♦ Canadian Centre for International Justice coverage.

♦ Business and Human Rights Resource Centre coverage

♦ Mondaq coverage.

García v. Tahoe Resources Inc.

 

In a nutshell

In more detail

Name of Case

García v. Tahoe Resources Inc.

Garcia v. Tahoe Resources Inc., 2017 BCCA 39 - CanLII

Area of Law

Battery and negligence (tort)

The claimants allege that suffered serious injuries when security personnel employed by Tahore's subsidiary shot at them during a peaceful demonstration against the company’s Escobal silver mine in Guatemala in April 2013.

Jurisdiction

Province of British Columbia (common law)

 

Current Stage

Will be heard on the merits

In 2015 the case was dismissed on the basis of the forum non     conveniens doctrine. The court found that Guatemala was a more appropriate forum to hear the case. The claimants successfully challenged this ruling on appeal in 2017. That same year the Supreme Court of Canada denied Tahoe’s application for leave to appeal.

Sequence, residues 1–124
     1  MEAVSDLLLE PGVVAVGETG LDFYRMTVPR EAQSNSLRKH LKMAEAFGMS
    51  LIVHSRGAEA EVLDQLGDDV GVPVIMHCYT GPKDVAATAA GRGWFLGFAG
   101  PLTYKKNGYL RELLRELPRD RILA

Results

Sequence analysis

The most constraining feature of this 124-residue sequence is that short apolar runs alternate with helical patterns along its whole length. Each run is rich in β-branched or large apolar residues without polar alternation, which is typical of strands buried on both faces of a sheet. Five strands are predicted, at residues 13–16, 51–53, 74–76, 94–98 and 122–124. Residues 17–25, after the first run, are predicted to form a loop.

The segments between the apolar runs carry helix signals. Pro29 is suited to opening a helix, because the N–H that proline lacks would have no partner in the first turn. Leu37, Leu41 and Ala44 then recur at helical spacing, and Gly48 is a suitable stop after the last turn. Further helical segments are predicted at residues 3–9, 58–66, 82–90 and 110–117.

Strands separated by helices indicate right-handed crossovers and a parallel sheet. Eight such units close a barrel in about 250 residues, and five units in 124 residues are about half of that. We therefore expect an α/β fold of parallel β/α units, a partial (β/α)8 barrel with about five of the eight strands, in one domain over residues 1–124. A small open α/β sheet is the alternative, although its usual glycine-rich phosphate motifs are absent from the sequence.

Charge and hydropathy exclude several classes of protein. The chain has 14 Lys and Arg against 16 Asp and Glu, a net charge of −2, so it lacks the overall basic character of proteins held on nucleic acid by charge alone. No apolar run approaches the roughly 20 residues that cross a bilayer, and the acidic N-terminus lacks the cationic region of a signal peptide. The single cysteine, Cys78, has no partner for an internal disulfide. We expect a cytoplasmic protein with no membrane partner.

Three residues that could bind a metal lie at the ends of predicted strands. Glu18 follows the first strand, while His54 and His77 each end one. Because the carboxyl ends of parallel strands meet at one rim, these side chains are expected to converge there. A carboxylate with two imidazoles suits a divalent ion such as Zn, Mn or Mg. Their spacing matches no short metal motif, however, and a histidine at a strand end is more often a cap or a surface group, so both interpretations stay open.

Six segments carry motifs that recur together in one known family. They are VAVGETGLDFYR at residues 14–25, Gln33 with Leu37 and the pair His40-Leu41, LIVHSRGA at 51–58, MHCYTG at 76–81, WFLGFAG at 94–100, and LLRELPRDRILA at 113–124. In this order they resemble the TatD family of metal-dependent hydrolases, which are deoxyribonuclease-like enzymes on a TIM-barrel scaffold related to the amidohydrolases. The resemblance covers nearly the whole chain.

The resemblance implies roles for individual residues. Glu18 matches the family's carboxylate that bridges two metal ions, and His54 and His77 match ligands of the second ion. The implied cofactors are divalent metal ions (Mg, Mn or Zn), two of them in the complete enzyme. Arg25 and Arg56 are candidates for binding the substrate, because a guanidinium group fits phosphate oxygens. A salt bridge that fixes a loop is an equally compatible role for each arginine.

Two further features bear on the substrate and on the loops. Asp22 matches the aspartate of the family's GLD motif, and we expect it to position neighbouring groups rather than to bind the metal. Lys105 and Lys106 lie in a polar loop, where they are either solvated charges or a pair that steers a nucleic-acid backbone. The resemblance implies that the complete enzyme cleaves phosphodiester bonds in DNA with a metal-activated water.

Requirement/Result

Claimants requesting monetary damages

 

Material Scope Battery and negligence (tort)  

Personal Scope

Parent company

 

Reach of the requirements

Overseas activity of a Canadian corporation and its subsidiary

 

Enforcement

Decision pending

 

Pros

Seeks to establish direct liability of parent company for overseas operations of subsidiary

 

Broader Application to Other Sectors

Finding of parent company liability could have implications beyond mining sector.

 

Resources

♦ Decision allowing an Appeal.

♦ Business & Human Rights Resource Centre coverage.

♦  Canadian Centre for International Justice coverage.

Yaiguaje v. Chevron Corporation

 

In a nutshell

In more detail

Name of Case

Yaiguaje v. Chevron Corporation

Yaiguaje v. Chevron Corporation, 2015 SCC 42, [2015] 3 S.C.R. 69

Area of Law

Enforcement of foreign damage award

 

Jurisdiction

Province of Ontario (common law)

 

Current Stage

On appeal to Ontario Court of Appeal

2003: indigenous and settler residents of the Amazon region of Ecuador known as the Oriente filed a lawsuit in Ecuador against Chevron Corporation.